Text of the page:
Thailand’s deputy prime minister, Wissanu Krea-ngam, has called for “more measures to control” cryptocurrencies - as they can potentially be used to finance terrorism or other illicit activities.
According to the Bangkok Post, Thailand’s authorities have implemented “several legal measures to prevent the misuse” of digital currencies. However, Krea-ngam said more regulations are required “to keep up with changing times and tactics.”
Crimes Involving Virtual Currencies Becoming More Sophisticated
While speaking at the 4th annual Counter-Terrorism Financing Summit held in Bangkok on November 7th, Krea-ngam noted that more needs to be done at the domestic and international level to prevent crypto-related scams and other fraudulent activities.
Krea-ngam, who earned his doctor of juridical science from University of California, Berkeley, emphasized that Thailand’s authorities need to constantly “update their knowledge” about digital currencies.
The minister added that the nation’s anti-money laundering and terrorism experts “should not be satisfied with their current understanding of cryptocurrencies.” Crimes involving virtual currencies are becoming more sophisticated, so Thailand’s authorities must remain vigilant at all times.
Krea-ngam also recommended: "The laws need to be amended in the future so that we can better keep up with technological changes."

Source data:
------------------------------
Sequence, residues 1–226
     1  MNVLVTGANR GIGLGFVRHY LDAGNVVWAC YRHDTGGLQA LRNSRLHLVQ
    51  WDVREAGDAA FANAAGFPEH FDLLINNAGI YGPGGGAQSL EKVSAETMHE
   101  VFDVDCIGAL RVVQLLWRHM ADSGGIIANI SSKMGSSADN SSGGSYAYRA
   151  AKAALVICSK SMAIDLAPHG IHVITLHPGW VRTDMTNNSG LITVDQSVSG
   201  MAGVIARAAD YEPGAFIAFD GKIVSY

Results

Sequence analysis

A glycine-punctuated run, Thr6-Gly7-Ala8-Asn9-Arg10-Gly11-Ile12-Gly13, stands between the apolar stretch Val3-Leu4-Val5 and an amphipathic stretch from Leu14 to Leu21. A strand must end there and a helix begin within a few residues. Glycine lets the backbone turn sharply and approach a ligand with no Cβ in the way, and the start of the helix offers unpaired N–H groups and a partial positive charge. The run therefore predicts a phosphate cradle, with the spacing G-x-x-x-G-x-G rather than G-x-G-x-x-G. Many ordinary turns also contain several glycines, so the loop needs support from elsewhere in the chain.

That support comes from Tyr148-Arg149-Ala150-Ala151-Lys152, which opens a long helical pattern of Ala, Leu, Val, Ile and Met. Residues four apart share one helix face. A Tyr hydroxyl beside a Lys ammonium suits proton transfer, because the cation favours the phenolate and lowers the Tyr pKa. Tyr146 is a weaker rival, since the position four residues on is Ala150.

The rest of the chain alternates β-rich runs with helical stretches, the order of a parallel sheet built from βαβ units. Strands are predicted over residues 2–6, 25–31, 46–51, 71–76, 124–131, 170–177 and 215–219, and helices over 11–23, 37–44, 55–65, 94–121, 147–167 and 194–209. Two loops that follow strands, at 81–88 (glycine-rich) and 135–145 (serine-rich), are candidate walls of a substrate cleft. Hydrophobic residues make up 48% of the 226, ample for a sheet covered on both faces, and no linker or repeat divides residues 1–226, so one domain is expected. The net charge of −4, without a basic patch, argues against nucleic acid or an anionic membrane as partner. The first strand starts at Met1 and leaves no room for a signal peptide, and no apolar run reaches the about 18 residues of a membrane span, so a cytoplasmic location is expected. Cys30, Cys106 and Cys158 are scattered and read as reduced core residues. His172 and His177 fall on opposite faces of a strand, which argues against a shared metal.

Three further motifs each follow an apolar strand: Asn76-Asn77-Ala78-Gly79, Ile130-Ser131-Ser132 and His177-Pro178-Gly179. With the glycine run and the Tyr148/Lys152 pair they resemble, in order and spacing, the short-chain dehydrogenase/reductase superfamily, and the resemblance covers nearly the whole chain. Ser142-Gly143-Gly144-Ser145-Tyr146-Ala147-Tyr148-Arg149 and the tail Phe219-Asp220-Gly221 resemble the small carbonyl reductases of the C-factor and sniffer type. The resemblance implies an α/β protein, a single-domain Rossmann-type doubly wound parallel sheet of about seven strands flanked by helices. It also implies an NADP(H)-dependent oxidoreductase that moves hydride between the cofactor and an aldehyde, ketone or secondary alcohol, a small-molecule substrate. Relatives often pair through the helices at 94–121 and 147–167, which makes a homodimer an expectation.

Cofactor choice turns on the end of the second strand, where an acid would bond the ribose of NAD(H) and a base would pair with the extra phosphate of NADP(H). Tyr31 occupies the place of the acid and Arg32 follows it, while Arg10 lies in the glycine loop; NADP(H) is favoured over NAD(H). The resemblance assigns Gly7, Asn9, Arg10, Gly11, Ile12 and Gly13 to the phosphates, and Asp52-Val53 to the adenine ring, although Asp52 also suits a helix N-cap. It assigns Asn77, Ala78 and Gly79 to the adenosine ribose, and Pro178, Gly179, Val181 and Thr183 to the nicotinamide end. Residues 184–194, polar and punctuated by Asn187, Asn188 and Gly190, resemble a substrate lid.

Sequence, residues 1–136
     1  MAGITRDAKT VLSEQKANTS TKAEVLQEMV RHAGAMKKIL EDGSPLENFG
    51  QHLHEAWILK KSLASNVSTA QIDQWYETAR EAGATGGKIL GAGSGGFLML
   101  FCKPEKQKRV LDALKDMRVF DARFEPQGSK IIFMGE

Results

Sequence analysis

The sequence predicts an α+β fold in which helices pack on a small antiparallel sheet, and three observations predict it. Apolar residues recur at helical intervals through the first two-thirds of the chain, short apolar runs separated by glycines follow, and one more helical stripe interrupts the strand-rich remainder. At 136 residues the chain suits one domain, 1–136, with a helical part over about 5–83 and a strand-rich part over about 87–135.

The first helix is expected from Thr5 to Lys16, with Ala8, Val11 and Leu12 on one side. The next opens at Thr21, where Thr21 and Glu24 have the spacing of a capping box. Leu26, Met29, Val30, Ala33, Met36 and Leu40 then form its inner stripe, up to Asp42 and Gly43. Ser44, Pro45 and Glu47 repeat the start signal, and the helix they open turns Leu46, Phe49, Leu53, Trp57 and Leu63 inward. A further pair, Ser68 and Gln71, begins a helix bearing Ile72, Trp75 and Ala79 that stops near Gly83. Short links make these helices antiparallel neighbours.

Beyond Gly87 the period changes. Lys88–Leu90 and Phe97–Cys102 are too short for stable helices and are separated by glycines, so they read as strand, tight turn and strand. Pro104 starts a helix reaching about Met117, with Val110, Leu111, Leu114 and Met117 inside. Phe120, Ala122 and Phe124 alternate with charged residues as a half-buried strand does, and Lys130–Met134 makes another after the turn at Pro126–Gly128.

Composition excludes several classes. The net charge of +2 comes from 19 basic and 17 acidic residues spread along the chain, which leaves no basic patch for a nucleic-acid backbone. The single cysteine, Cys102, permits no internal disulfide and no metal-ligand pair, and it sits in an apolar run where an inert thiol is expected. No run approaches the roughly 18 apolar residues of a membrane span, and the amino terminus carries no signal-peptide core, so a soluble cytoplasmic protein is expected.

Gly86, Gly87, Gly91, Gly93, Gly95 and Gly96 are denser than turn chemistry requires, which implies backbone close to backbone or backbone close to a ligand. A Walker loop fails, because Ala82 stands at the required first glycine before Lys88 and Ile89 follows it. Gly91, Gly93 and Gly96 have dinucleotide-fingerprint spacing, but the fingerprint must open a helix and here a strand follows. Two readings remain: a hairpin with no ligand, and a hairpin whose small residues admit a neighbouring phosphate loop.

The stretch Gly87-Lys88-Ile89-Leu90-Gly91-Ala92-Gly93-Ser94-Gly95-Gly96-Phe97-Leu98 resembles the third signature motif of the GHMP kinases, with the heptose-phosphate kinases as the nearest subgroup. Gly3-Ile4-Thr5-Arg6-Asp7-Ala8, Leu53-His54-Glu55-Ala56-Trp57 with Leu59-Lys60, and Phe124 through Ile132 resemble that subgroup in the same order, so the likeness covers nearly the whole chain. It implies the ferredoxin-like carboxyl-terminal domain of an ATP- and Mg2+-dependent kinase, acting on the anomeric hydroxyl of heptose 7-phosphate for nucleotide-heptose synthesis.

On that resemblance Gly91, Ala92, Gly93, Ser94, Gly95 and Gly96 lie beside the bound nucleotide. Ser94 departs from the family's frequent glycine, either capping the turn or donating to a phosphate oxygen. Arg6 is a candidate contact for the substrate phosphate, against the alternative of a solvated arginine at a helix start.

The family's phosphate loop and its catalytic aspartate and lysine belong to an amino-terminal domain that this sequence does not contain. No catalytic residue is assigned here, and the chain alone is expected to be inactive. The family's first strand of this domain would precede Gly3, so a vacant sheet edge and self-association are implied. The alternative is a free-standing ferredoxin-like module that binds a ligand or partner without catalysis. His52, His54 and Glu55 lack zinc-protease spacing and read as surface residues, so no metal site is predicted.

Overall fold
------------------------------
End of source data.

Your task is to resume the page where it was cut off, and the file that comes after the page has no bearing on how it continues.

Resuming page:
Crypto Regulations Went Into Effect In May 2018
In May of 2018, a regulatory framework for digital currencies went into effect, and Thailand’s Securities Exchange Commission (SEC) was instructed to regulate the new asset class.
Companies or individuals selling cryptoassets must register with the Thai SEC within 90 days, and failure to do so may lead to the seller (or token issuer) being fined, in addition to other penalties such as serving time in jail.
As CryptoGlobe reported on October 28th, Thailand’s SEC had issued a warning regarding initial coin offerings (ICOs). The regulator had said there were several ICOs launched in the country and they may put investors at risk because they did not meet regulatory standards.
Professionals Lacking Knowledge
In early September, officials from Thailand’s Institute of Justice (TIJ) announced at a seminar that digital currency-related crimes would likely continue to rise. That’s because professionals working in the nation’s crypto sector did not have the in-depth knowledge required to tackle the criminal elements in the sector.
As covered, the Bank of Thailand (BoT) had issued a statement in August stating that the $24 million bitcoin fraud case involving 27-year-old Thai actor, Jiratpisit Jaravijit, was a “misuse of money” - and had nothing to do with actual “crypto trading.”
Notably, Thailand’s SEC legalized seven cryptocurrencies in June for initial coin offerings (ICOs). They include bitcoin (BTC), bitcoin cash (BCH), ethereum (ETH), ethereum classic (ETC), litecoin (LTC), stellar (XLM), and ripple (XRP).